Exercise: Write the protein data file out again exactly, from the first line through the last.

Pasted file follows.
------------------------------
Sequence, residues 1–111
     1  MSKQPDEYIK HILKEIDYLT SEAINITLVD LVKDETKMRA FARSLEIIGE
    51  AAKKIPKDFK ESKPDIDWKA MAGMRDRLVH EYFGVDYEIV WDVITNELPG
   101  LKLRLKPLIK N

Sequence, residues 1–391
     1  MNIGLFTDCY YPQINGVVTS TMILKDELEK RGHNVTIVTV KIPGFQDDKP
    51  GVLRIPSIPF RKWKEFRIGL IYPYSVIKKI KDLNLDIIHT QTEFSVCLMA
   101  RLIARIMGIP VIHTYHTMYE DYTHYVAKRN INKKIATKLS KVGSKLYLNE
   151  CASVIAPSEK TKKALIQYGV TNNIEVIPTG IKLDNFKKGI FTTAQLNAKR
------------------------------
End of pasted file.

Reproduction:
Sequence, residues 1–111
     1  MSKQPDEYIK HILKEIDYLT SEAINITLVD LVKDETKMRA FARSLEIIGE
    51  AAKKIPKDFK ESKPDIDWKA MAGMRDRLVH EYFGVDYEIV WDVITNELPG
   101  LKLRLKPLIK N

Sequence, residues 1–391
     1  MNIGLFTDCY YPQINGVVTS TMILKDELEK RGHNVTIVTV KIPGFQDDKP
    51  GVLRIPSIPF RKWKEFRIGL IYPYSVIKKI KDLNLDIIHT QTEFSVCLMA
   101  RLIARIMGIP VIHTYHTMYE DYTHYVAKRN INKKIATKLS KVGSKLYLNE
   151  CASVIAPSEK TKKALIQYGV TNNIEVIPTG IKLDNFKKGI FTTAQLNAKR